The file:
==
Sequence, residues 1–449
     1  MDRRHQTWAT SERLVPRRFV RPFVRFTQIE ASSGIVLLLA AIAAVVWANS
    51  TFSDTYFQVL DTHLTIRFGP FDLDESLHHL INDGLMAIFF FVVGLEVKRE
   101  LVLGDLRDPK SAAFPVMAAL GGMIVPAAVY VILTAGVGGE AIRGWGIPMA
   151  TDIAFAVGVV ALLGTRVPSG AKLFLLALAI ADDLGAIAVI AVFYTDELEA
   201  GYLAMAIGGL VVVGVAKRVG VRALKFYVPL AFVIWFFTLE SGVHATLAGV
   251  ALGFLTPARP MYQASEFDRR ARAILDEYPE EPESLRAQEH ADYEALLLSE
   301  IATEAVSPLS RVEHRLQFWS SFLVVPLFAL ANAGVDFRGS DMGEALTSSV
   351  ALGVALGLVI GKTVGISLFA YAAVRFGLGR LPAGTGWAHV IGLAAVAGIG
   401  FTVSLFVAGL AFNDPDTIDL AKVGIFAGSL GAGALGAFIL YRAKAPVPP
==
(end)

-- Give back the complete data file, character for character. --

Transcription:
Sequence, residues 1–449
     1  MDRRHQTWAT SERLVPRRFV RPFVRFTQIE ASSGIVLLLA AIAAVVWANS
    51  TFSDTYFQVL DTHLTIRFGP FDLDESLHHL INDGLMAIFF FVVGLEVKRE
   101  LVLGDLRDPK SAAFPVMAAL GGMIVPAAVY VILTAGVGGE AIRGWGIPMA
   151  TDIAFAVGVV ALLGTRVPSG AKLFLLALAI ADDLGAIAVI AVFYTDELEA
   201  GYLAMAIGGL VVVGVAKRVG VRALKFYVPL AFVIWFFTLE SGVHATLAGV
   251  ALGFLTPARP MYQASEFDRR ARAILDEYPE EPESLRAQEH ADYEALLLSE
   301  IATEAVSPLS RVEHRLQFWS SFLVVPLFAL ANAGVDFRGS DMGEALTSSV
   351  ALGVALGLVI GKTVGISLFA YAAVRFGLGR LPAGTGWAHV IGLAAVAGIG
   401  FTVSLFVAGL AFNDPDTIDL AKVGIFAGSL GAGALGAFIL YRAKAPVPP